Recommended movie settings for Brightcove

Bad upload to brightcoveI didn’t understand why my Brightcove movies looked so pixelated and blurry, but now I understand: Brightcove has 2 display formats 480×360 pixels and 400×300 px, while my movie was 320×240 px. The biggest version of their player is used when you do a search on Brightcove and then play it from there. While if you go to a channel and click on one of the videos in there, it plays the smaller version of 400×300. In either situation, the player tries to fit your movie to a Brightcove standard size by either stretching or compressing it into the demanded aspect ratio (relation between width and height of the movie), while I wrongly presumed that the original size would be preserved.

To see a bad example, click here. To view a better version of the same movie in YouTube, click here.

Better too big

If your movie is too big, there is not a problem unless aspect ratio is not equal to 4:3. Then your movie will look distorted because the player will stretch or compress the movie in one direction. If your movie is too small, the result will be blurry with clusters of rectangles jumping around as in my case. Here are some examples of good and bad dimensions:

  • 240×180 (too small)
  • 320×240 (too small)
  • 400×300(Too small, the movie will enlarge)
  • 480×360 (ideal)
  • 640×480 (you would like to re-sample it to a manageable size, though)
  • 400×320 (aspect ratio is wrong: 4:3,2 instead of 4:3)
  • 480×400((aspect ratio is wrong: 4:3,333333 instead of 4:3)

So, my advice is: if Brightcove is an important channel for you and your movie isn’t big enough or the aspect ratio doesn’t fit 4:3, you might need to re-render or re-sample your movie to 480×360.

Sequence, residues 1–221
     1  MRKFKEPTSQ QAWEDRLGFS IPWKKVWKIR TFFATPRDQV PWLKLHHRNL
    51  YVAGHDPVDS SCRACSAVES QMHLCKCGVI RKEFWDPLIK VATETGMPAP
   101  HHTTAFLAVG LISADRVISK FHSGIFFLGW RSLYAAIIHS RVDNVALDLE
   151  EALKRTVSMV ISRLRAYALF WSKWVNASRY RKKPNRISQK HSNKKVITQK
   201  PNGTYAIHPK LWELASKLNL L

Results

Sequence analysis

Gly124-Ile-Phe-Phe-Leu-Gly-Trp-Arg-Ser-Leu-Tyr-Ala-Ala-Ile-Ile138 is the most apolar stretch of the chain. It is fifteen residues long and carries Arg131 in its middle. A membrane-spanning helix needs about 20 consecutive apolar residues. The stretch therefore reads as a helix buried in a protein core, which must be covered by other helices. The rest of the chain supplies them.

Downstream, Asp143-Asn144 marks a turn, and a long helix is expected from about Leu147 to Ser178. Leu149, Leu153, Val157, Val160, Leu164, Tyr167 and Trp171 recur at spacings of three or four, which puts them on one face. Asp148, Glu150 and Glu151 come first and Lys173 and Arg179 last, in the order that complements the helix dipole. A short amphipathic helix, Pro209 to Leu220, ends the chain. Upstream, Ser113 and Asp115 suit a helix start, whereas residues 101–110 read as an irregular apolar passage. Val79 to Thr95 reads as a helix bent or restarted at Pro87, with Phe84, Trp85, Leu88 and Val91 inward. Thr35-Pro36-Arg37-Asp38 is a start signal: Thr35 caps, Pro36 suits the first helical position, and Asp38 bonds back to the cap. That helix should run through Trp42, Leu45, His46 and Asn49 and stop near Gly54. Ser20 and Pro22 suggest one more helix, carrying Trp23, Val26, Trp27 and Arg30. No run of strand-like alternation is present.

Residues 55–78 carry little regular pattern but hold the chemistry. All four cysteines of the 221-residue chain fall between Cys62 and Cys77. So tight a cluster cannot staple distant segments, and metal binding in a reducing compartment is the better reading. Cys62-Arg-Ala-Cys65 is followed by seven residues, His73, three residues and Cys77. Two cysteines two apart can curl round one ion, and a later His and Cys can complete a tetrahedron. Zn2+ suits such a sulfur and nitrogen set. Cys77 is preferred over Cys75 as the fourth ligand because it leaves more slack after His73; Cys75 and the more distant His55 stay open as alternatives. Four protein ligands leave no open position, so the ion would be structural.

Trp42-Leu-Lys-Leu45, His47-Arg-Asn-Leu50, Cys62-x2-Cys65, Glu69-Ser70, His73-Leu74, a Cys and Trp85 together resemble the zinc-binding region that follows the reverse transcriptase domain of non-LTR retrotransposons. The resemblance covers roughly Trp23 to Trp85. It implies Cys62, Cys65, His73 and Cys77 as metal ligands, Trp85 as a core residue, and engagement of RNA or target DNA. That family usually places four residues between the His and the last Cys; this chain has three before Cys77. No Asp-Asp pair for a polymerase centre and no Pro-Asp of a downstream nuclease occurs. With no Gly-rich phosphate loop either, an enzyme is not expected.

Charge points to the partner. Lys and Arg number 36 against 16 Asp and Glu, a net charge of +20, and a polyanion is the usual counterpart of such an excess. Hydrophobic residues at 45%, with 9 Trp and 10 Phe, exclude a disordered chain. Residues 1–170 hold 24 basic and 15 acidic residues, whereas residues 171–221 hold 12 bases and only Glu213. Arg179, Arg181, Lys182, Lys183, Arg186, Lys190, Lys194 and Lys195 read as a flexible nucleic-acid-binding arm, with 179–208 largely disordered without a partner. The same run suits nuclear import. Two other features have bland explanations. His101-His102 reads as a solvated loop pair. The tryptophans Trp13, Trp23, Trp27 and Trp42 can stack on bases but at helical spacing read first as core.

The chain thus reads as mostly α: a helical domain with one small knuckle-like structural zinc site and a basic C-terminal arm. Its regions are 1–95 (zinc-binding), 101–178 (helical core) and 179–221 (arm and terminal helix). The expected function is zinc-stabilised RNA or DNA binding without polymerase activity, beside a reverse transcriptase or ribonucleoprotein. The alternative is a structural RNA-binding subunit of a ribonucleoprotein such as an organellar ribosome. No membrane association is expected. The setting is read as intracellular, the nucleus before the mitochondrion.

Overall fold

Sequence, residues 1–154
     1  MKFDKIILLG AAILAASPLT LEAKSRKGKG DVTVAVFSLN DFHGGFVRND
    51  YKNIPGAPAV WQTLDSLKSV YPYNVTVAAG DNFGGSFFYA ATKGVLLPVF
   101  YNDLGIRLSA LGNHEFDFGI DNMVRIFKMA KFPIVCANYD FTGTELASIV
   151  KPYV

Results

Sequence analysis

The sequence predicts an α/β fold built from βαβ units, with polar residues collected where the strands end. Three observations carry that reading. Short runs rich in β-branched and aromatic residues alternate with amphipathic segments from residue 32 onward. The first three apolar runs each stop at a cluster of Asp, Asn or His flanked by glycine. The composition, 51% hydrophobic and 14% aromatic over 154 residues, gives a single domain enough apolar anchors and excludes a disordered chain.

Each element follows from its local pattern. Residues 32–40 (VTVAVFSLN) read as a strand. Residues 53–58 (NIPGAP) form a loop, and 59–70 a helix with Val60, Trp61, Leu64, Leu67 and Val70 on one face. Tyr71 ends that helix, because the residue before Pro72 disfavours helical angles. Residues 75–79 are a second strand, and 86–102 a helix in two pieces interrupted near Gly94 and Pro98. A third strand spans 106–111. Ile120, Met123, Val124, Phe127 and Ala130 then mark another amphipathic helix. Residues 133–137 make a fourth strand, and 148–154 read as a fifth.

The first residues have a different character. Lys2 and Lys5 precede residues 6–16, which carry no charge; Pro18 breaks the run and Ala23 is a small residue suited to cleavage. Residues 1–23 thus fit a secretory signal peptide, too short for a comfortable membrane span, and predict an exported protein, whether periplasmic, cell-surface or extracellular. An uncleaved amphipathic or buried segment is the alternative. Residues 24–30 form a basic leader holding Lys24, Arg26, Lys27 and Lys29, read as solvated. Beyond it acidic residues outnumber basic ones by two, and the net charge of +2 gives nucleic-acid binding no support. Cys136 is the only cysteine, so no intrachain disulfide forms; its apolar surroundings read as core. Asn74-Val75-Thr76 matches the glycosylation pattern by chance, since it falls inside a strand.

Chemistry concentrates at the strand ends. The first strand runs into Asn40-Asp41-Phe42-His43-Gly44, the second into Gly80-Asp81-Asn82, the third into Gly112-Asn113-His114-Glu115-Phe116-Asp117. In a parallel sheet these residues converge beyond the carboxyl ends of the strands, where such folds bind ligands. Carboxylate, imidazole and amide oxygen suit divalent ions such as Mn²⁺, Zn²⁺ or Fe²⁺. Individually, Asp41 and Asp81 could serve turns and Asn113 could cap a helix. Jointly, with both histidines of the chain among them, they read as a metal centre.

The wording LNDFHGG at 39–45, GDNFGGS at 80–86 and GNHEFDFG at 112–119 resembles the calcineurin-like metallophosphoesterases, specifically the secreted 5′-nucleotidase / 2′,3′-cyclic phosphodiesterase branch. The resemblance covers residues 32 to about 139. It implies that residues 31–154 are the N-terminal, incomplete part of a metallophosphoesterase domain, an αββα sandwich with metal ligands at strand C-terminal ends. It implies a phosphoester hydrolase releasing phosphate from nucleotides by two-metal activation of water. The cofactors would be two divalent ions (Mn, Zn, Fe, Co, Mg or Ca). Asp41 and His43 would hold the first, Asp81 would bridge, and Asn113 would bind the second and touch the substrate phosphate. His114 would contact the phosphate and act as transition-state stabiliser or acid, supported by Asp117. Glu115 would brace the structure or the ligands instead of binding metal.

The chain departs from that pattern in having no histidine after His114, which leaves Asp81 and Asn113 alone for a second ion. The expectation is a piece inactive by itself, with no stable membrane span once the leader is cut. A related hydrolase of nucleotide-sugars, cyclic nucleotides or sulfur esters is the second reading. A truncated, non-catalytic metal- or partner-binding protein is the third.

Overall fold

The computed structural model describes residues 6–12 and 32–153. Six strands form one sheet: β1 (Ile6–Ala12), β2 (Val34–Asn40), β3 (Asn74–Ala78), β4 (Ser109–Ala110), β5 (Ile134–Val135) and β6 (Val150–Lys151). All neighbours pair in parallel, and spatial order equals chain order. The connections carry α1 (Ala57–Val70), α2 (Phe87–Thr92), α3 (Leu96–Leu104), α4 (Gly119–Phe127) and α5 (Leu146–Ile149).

The disadvantage in that case is that if you have text in your movie, it will look not as good as in the original. To avoid that, you can use several workarounds. Watch out for my video tutorial on How to change a movie format without resizing. It will be available on 14 January 2008.

Avoid artifacts in compression

To avoid weird pixelation (artifacts) in a movie, I make sure that I use a movie for upload without any compression at all. Because all video channels will compress your movie regardless if you did it already or not. If you have a slow connection, it is probably not possible to upload a full movie( an uncompressed movie of 480×360 pixels, about 1 minute in length, can weight around 320Mb). In that case, I suggest you ask a friend who has a fast connection to help you out.

Distortions and compression problems

To create an uncompressed QuickTime movie, you set the compression type to “None” or to “Animation”. None will have no parameters to fill in, while Animation gives a very small compression. In the latter case, set the Key interval to 1 per frame. This way compression is kept to an absolute minimum. You will see that if you upload your movie like that, the quality will be much better.

Stay tuned on this subject, there is more to come in the near future since policies and methods change all the time and that is especially true in podcasting.

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